Once a week Napier woman Phyllipa Warner is able to take a break and enjoy the care, hospitality and company at Rowan@thebeacon. Her life was turned upside down in January last year and has been tough, physically and mentally, since.
But places like the Beacon are a spark in life. She spoke with Roger Moroney
More than almost anything, Phyllipa Warner would love to lift her little boy Jakob and give him a big, strong cuddle.
But she can't.
Her husband, James, can place their little man in her lap and she can wrap her arms around him, but that's about it.
Or, as she says, "He's a great little climber," and he climbs up to her. Phyllipa is paralysed from the chest down.
The 28-year Napier mum also suffers a vision impairment, and it would be a major understatement to say life is not easy.
From her wheelchair, "Pip" said there were good days and there were not so good days.
But, as she stoically accepts, the bottom line is that things are as they are and that is the way of it.
Life has to go on, and she and James, and Jakob, have to make the best of things.
And things aren't easy as they await news from Housing New Zealand and ACC that the house they desperately need to move into from their cramped current flat, is ready.
Her life changed forever when she gave birth to Jakob, who is now 20 months old.
She and James were delighted to get the news that they would be starting a family, and her pregnancy went well.
It was during labour that things began to become anything but smooth.
There were signs the baby was in some distress, so it was determined she would undergo a caesarean.
Pip said she wanted to be awake and aware when little Jakob arrived, so decided to have a spinal block rather than a full anaesthetic.
Jakob came into the world, and while he was placed in the special-care baby unit for observation, he was otherwise well.
But over the following days it became clear Pip was not.
She was hammered by severe headaches and her legs felt uncomfortable and sore.
It got worse, and the alarm bells rang big time when she collapsed and went into seizure.
The tests and scans began and the news was not good - there was fluid on the brain and it needed to be drained.
It was during the tests that specialists discovered something Pip had not been aware of - that she had been born with a condition which had caused the lower parts of her brain being displaced to the top of her spinal cord.
"But it's something thousands of people can be born with - they probably wouldn't know it and it wouldn't affect them," she said.
The spinal block injection had caused the spinal cord to swell with fluids. There was a cruel double whammy in that Pip also contracted arachnoiditis - an inflammation of the arachnoid membrane and spinal cord.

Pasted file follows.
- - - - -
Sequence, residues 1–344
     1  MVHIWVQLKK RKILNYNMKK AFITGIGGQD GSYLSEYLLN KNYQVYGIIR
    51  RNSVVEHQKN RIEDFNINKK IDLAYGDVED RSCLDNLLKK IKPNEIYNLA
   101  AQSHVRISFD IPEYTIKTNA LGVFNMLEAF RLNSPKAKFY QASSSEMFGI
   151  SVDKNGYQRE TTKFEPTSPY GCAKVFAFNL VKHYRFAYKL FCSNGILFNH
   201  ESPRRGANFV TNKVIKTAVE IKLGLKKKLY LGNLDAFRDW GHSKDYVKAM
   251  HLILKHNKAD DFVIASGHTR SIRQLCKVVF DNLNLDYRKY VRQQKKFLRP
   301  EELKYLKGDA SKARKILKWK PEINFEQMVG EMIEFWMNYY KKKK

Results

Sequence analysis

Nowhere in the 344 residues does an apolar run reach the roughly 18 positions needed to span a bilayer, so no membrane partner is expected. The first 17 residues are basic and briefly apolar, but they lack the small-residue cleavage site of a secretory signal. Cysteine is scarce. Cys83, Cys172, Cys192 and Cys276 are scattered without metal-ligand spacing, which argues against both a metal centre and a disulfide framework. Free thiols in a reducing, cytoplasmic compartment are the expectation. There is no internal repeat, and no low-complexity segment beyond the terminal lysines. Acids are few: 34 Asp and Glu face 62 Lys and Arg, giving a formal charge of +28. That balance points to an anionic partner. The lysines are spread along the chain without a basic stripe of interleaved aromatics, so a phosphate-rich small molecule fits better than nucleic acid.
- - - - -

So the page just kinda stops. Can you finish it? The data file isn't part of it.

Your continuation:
There was nerve damage, and Pip's strength in her legs began to dissolve after returning home.
"My legs were getting weaker and I had a walking frame to get around on."
One morning they simply stopped working.
She tried to get out of bed but simply could not stand ... There was no strength left and it was back to hospital.
Over just a matter of four months Pip went through five operations - three of them on her brain and two on her spine. She also spent time in a spinal unit.
The prognosis for the future is not a bright one, although she clings to some hope that the spasms in her left leg, and her ability to slightly twitch it, means there may be a glimmer, the merest of glimmers, that one day things might get better.
But it is the longest of longshots.
"Some signals get through but they're not strong."
Asked if she ever dreamed of running and playing with Jakob, she shook her head.
"I haven't had dreams - not on the drugs I'm on that help with spasms and nerve pain."
The couple said it had been tough trying to do a deal with several agencies, and felt let down at times.
They were still trying to get financial assistance, especially for James who had to quit his job to take on the role as caregiver.
They get care support for several hours a day, but he provides it at all other times.
"Life's not fair," Pip says.
"I'd be lost without James, but it's so hard on him ... and it shouldn't be."
James shrugged and said he'd lost contact with some mates and hadn't been out at night for more than a year, but his thoughts were on his wife and little Jakob.
He gets a break every now and then during the day, as does Pip when she is taken for her weekly visit to Rowen@the beacon on Napier Hill.
"They are good people and it is nice to get out," she said.
It is one of the bright spots of the week.
Another is getting a house with more space, and which can suit Pip's extensive needs, although they expect another struggle when it comes to getting it fitted out.
But Pip smiled and summed things up the best she could.
"You just have to get on with life - best you can."